WATCH: See what Baku’s main straight looks like when there's no F1

The start-finish straight and paddock at the Baku Street Circuit

The Azerbaijan Grand Prix returns this weekend as the premier motorsport series makes a return to the city overlooking the Caspian Sea following a year’s hiatus.

During the 2021 FIA World Championship, the race weekend around the Baku Street Circuit will take place behind closed doors following concerns around the COVID-19 pandemic, which saw the event called off in 2020.

While it has only been a permanent member of the calendar since 2016, it has offered its fair share of drama, excitement and anticipation with every year that passes.

Some of the most notable events go back to 2017, where Sebastien Vettel drove into the side of Lewis Hamilton after accusing him of “brake testing” him behind the safety car.

Read more: WATCH: Sebastian Vettel sees red and swipes Lewis Hamilton in Azerbaijan

However, following a year away from Baku and a reshuffled schedule last year, F1 finally makes a return to Azerbaijan with plenty of excitement leading up to the Grand Prix and lights out.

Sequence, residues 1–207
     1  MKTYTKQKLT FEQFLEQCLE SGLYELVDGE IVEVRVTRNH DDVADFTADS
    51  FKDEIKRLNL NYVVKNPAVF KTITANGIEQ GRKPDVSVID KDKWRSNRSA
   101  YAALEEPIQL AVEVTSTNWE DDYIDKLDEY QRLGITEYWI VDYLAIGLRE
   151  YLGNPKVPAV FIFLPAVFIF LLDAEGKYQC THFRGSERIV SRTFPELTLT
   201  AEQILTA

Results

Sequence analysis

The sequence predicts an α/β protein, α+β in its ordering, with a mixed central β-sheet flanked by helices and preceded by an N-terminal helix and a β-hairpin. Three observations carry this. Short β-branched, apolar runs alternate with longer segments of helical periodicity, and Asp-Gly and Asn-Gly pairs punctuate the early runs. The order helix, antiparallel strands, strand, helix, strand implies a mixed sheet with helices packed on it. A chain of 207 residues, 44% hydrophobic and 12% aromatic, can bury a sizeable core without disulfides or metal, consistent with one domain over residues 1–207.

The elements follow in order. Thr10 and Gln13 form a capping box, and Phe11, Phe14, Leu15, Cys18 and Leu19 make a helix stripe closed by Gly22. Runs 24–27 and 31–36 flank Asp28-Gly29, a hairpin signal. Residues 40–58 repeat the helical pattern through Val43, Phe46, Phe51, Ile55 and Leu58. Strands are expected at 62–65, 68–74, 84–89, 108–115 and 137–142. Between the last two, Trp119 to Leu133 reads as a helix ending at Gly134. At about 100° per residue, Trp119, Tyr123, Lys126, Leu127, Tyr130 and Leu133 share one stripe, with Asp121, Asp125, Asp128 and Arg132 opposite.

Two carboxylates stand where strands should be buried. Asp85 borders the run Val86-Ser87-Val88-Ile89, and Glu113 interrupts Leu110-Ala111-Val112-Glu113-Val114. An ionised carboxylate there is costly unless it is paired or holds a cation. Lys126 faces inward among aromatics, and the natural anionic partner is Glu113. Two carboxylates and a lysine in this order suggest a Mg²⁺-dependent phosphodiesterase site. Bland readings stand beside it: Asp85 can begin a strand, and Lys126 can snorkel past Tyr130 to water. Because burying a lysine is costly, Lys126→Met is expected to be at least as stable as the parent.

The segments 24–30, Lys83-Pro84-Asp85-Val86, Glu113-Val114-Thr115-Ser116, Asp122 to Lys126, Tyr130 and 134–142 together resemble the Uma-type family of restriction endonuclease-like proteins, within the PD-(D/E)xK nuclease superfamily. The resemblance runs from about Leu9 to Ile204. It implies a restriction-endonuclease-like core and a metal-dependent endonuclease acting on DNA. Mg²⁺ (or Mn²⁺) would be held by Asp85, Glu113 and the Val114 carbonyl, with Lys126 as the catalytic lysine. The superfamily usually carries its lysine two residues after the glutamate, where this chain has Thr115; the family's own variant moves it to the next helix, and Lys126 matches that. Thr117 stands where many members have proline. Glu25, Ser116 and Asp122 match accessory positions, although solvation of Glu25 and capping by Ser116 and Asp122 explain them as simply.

Charles Leclerc blasting around the Baku Street Circuit

Max Verstappen leads the championship by four points over Lewis Hamilton after winning the Monaco Grand Prix last time out. The seven-time world champion had a weekend to forget after losing three places during the pit stops and finished way down the field in seventh place.

Read more: Azerbaijan Grand Prix 2021: Dates, Tickets, Updates, Schedule, How to Watch, Results And Everything You Need To Know

That being said, Baku represents round six of the season and there is plenty of time for Hamilton to make amends as he presses on for a record eighth world crown.

While the circuit has one of the longest straights and some of the most challenging corners, the track is a completely different place when F1 is nowhere to be seen.

Press Play Productions provided footage on Twitter of traffic rumbling down the notorious start-finish straight in a road that appears to be extremely wide.

It is a huge contrast from seeing drivers almost hitting 215 mph before braking for turn one, with members of the public bumbling along at a steady pace.

The scenes will be completely different when race day arrives on Sunday 6th June 2021 (4 pm BST), in what could be a Grand Prix that we will remember for a long time.

Read more: Azerbaijan Grand Prix 2021: What date is it and what is the schedule?

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